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Tool Purchasing Priorities

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  • Tool Purchasing Priorities

    Hi, Gang,

    Nice to stumble across you. I was trying to decide between a Ridgid TS2424 and a comparable Grizzly, but have decided to do the Ridgid, for the features vs. price, based upon y'alls experiences.

    I'm setting up a new shop in my garage, which is attached to my house. My plan is to purchase the TS 2424, the 13" Ridgid Planer and air filtration/dust control system. Those seem the highest priorities to me, as I have ready access to a lumber mill and am planning to build mission/arts & crafts style furniture, plus shelving, etc.

    I'm also thinking that I can adapt my Rotozip to be a plunge router, tho the accessory is $60+, so it would probably be just as well to purchase a router, but I'm not seeing a need for that with my immediate mission style projects.

    Any thoughts?

    Glad to meet you all...ain't technology wonderful?

    PT

  • #2
    Hello UberX,
    You might want to take a look at issue #153 of Fine Woodworking. It is there Tools&Shops edition. In it they list 5 essential power tools for starting a workshop. It probaly is not to everyone's liking but it is good information. I agree with the tablesaw and planer but don't bother with the Rotozip. Get yourself a good fixed base or plunge router. The router can be one of the most versatile tools in your shop so I don't think the Rotozip will serve too well working double duty. Hope this helps.

    Happy Sawdust

    Gregg

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    • #3
      UberX,

      I agree with Greg. You'll get MUCH better results with an actual router rather than forcing a Rotozip into that role. The router is such an important tool that you'll want one designed for it's purposes. Making mission style furniture means you'll be using a lot of oak. For some routing processes you'll be making multiple passes to ensure clean cuts. I'd hate think of how many passes you'd have to make with a Rotozip. Plus, the RotoZip is so light and the base is so small compared to a heavier router with a solid base.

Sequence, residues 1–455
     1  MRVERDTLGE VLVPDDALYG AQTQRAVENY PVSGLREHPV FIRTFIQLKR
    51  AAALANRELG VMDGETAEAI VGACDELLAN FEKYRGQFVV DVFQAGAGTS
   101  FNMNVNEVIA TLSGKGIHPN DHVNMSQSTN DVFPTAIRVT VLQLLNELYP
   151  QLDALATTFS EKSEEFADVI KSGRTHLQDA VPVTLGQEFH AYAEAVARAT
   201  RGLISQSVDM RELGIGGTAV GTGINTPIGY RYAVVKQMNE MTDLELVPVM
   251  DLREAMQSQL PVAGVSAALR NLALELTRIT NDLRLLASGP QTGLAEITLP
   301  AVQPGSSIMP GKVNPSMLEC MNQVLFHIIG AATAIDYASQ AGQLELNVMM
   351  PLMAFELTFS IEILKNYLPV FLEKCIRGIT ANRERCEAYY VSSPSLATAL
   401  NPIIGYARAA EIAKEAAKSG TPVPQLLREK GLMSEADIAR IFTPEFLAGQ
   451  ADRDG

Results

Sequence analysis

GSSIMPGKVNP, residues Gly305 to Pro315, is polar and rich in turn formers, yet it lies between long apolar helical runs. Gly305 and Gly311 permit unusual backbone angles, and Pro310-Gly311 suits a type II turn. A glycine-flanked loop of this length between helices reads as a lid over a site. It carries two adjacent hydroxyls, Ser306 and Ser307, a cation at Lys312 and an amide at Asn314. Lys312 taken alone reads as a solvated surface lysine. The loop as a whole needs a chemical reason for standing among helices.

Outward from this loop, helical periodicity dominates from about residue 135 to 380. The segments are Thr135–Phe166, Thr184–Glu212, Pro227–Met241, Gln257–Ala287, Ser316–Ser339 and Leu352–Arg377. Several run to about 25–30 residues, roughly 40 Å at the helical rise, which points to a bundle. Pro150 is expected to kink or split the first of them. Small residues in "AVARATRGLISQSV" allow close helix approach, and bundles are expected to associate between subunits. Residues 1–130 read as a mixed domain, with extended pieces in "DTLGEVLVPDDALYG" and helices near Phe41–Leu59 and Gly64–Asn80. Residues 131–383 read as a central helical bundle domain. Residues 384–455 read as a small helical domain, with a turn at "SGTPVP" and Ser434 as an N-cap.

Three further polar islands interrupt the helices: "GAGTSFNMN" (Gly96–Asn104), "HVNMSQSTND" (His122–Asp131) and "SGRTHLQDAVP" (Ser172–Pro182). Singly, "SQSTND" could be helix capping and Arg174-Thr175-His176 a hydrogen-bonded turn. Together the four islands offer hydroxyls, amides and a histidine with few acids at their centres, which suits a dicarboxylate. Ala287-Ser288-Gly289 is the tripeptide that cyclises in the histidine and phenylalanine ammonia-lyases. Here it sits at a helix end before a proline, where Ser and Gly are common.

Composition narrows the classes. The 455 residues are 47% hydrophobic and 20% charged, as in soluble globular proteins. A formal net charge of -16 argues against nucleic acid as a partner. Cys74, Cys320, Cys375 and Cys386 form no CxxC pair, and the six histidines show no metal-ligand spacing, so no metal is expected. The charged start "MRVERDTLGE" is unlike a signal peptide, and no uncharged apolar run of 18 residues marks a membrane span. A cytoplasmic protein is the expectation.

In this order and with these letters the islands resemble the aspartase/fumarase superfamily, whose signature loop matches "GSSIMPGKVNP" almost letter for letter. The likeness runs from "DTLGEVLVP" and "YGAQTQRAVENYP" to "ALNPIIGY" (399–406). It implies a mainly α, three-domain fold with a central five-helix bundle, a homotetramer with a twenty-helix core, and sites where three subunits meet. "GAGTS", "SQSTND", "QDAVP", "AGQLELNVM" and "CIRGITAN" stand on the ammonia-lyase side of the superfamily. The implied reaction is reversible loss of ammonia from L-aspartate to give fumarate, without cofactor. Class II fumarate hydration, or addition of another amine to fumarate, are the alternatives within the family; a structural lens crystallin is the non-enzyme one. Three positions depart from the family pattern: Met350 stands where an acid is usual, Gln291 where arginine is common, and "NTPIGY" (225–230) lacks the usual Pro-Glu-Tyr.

I've got the DeWalt 621 plunge...one of my most favorite tools in the shop. I also have a RotoZip (used twice, no offense meant to you RotoZip fans) and I can't imagine using it to in place of the DW621.

      Have fun. My wife is a big fan of Mission/Arts and Crafts style, and always makes it a point to mention those plans in my woodworking magazines.

      Pete
      \"Last year we couldn\'t win at home.<BR>This year we can\'t win on the road.<BR>My failure as a coach is that I <BR>can\'t think of anyplace else to play.\"<BR> - Coach Harry Neale, Canucks

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      • #4
        UberX,

        I agree with Gregg and NM Scorpion....you will need the router. It is one of the most universal tools in the shop. You might want to make sure that you get a good one that can use both 1/2" and 1/4" collets. You will probably need a 1/2" bit for working with oak.

        Good luck to you,
        Jamie

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        • #5
          Ditto on the router. The porter cable has served me well and the Depot has a set that includes both plunge and fixed base.

          Other priorities include a jointer, if you will be making table surfaces. There are always interim solutions for some of the larger tool purchases, like a circular or even hand saw for the chop saw, but the jointer is hard to substitute for and you will use it on almost every project.

          As far as the drill press and band saw, I have gotten away with the bench-top versions which are much cheaper and have done OK for the hobbiest.

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          • #6
            I agree with the rest of the guys. A router is the second most important tool in a workshop (table saw first). I would suggest you get one of the combo units that feature a fixed and plunge base. I have the porter cable combo unit and it works great. If I had to do it again I would go with the variable speed bosch unit. There is nothing wrong with the PC unit but for $50 more you get a larger motor and variable speed. Well worth the price difference in my opinon. Depending on how much mission style furniture you will be doing you might want to put a dedicated mortiser on your list. It will save you a great bit of time. Good luck.

            Reginald
            Reggie

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